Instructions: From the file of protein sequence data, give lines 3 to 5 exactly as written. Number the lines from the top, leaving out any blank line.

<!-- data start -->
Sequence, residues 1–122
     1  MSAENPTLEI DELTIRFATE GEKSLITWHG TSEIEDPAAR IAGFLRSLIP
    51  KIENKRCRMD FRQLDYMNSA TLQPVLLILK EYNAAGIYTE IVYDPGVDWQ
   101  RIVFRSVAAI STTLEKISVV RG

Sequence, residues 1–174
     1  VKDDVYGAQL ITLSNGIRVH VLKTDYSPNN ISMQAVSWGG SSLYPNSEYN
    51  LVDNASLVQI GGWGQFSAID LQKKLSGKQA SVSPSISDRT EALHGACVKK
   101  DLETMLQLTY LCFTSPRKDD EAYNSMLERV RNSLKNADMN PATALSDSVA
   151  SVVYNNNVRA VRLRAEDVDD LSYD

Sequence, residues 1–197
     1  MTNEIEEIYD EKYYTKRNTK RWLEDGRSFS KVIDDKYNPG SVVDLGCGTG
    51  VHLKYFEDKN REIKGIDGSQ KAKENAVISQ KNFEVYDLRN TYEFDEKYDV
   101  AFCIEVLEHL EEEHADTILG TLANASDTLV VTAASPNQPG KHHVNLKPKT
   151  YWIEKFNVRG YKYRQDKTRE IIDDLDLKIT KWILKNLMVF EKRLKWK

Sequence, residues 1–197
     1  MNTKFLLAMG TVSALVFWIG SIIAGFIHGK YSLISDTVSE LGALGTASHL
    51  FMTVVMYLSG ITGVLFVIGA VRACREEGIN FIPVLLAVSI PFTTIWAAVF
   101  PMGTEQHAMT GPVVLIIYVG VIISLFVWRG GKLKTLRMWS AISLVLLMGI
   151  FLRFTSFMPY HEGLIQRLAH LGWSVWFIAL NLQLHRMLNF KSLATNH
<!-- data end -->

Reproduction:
    51  KIENKRCRMD FRQLDYMNSA TLQPVLLILK EYNAAGIYTE IVYDPGVDWQ
   101  RIVFRSVAAI STTLEKISVV RG

Sequence, residues 1–174